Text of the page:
Depending on where you live, summer can be pleasantly warm. Or it can be hot … VERY hot. And just like you need to lather yourself in sunscreen and drink plenty of water when you’re outside in the summer heat, your lawn needs some special care, too. Following a summer lawn care guide can help your lawn stay healthy when it’s hot outside.
Grass Types Matter
Your lawn’s summer needs will depend on the type of grass your lawn has and the climate in your area.
“Know[ing] what kind of grass you have is the first thing,” says Ron Meyer, agronomist and crop production agent with the Colorado State Extension Service in Phillips County. A sturdy grass such as buffalograss is better able to handle the drought and heat, needing less water and care than some thirstier species, such as Kentucky bluegrass.
Generally, most lawns have either warm-season or cool-season grasses, each with its own growing cycle.
Warm-season grasses, such as Zoysia, St. Augustine, centipede, and Bermuda grow best when air temperatures are in the 70s, according to the Texas A&M AgriLife Extension. They grow on a simple curve: As temperatures warm up in February and March, warm-season grasses start to grow and peak around June and July. Growth trails off as temperatures drop in late summer.
Cool-season lawns, which may have fescue, bluegrass, or perennial ryegrass, grow best in the 60-degree air-temperature range, Texas A&M says. Their growth peaks twice, once in spring and once in fall. The first growth peak happens as the weather warms in spring, peaking in April. Then they go dormant around July and peak again around October when the days cool off.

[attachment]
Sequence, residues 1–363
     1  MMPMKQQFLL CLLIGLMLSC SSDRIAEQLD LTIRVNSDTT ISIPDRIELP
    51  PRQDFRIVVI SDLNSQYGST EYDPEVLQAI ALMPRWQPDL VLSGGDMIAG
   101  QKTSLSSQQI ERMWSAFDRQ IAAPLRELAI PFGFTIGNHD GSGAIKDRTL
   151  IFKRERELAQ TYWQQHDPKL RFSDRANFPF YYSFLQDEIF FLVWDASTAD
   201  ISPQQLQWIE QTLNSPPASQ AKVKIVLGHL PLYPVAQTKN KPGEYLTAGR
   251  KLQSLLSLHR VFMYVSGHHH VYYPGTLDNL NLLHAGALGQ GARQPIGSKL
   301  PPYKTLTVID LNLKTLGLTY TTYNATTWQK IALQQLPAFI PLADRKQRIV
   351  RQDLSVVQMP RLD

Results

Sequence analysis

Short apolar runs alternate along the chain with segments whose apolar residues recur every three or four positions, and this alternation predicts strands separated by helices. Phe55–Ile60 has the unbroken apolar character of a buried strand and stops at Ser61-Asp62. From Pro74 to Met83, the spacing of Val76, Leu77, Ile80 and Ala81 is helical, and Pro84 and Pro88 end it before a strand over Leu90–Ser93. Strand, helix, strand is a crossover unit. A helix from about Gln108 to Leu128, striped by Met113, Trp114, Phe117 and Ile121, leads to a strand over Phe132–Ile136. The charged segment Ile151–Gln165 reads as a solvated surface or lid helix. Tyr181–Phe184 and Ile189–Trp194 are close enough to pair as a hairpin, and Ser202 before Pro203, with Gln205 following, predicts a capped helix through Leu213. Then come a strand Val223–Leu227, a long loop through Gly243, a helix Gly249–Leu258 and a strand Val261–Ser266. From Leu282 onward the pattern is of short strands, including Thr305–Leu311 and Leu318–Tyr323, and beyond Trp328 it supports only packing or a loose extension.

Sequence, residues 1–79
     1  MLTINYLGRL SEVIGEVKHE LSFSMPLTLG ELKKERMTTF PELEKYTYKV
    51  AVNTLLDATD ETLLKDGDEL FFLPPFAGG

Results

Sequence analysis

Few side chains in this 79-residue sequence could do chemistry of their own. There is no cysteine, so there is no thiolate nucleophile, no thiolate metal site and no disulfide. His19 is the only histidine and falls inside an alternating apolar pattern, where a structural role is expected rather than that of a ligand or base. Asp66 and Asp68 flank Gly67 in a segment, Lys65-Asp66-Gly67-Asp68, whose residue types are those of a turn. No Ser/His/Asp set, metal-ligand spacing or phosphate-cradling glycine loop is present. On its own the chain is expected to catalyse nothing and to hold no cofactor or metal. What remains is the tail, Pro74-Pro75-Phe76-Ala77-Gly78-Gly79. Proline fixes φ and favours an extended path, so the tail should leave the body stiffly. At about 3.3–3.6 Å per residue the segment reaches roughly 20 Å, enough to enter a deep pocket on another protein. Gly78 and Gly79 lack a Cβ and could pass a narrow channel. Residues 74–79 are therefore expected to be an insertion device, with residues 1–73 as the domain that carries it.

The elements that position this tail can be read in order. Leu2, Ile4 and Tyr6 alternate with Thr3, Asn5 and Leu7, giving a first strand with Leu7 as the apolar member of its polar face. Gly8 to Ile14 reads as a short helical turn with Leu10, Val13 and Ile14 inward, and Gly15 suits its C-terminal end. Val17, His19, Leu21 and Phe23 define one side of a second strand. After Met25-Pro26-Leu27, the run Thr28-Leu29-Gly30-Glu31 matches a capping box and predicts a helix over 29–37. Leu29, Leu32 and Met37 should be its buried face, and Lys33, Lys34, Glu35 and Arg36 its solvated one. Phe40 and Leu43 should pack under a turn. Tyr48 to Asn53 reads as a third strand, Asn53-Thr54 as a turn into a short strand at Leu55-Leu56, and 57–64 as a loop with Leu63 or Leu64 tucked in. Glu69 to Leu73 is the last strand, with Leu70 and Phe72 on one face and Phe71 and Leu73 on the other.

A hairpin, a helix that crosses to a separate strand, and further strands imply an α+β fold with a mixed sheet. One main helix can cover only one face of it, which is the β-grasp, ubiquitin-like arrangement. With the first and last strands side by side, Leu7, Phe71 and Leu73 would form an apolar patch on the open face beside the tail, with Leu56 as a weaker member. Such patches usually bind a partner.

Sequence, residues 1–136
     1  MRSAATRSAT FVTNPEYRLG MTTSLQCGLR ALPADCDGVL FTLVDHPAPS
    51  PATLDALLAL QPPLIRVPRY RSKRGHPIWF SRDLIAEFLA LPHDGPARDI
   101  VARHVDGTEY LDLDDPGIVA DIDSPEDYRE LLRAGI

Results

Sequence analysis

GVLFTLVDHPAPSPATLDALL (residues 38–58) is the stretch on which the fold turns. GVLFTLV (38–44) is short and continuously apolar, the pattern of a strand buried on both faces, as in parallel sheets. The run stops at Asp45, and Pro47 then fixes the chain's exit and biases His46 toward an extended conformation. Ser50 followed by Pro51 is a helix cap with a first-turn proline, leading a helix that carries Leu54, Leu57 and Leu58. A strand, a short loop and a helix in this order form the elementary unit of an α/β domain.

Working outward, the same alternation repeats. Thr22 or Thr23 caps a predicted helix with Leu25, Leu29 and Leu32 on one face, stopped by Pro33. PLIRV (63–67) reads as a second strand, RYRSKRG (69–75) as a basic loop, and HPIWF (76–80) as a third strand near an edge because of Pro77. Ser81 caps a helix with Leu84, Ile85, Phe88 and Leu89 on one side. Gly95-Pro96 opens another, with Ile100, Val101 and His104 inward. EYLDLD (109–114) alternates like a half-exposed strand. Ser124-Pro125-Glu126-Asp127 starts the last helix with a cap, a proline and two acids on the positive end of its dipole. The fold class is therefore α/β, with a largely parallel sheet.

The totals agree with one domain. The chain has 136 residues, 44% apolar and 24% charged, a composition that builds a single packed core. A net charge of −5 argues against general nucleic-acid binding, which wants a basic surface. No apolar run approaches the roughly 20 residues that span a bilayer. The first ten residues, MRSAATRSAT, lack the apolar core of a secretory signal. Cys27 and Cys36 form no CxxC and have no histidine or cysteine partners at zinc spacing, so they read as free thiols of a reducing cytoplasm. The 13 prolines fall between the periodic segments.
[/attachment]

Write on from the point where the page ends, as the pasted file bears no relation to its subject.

When and How to Water
Water is vitally important to your lawn in the summer, and this is the biggest difference between warm- and cool-season grasses. When temperatures reach 85 degrees, Meyer says, warm-season grass types need about 1 inch of water per week, and cool-season grasses double that.
“Water is the big thing,” he says. If cool-season grasses don’t get enough water, they’ll go dormant.
The How-Tos of Watering
When to Water: Early morning between 4 a.m. and 8 a.m. is the best time to set the sprinklers. This allows more water to reach the roots, limits evaporation, and gives the grass a chance to dry off. If you can’t do mornings, late afternoon is a good time, too. But avoid evening watering; it increases the chance of fungal diseases.
What if it Rains? Meyer says a good rule of thumb is that if you get an inch of rain, take about five days off from watering. If you get less than that, lay off only for a few days.
What if my Grass Goes Dormant? Leave it alone. “Don’t let your lawn go brown and dormant, then try to ‘water it back to life,’” Texas A&M’s lawn guide says. “If your lawn goes dormant in the summer, it should stay that way until fall — don’t worry, it should recover once the weather changes.”
Should a Drought Hit: A midsummer drought, along with any watering restrictions, is stressful for grass. In warmer climates, lawns can survive prolonged periods of drought if watered only once or twice a week, with only 1/2 to 3/4 inches of water each time.
For cool-season lawns, a half-inch of water every two to four weeks will provide enough water to increase its chances of long-term survival during a summer drought.
While it’s tempting to cut the lawn short, a good rule of thumb is not to cut more than one-third of the length of the grass when you mow your lawn. Grasses don’t have a stem, Meyer says. They’re all leaves. So a higher cut allows the plants to photosynthesize easier and stay healthier. As a bonus, when you mow high, the taller grass stems will use less water.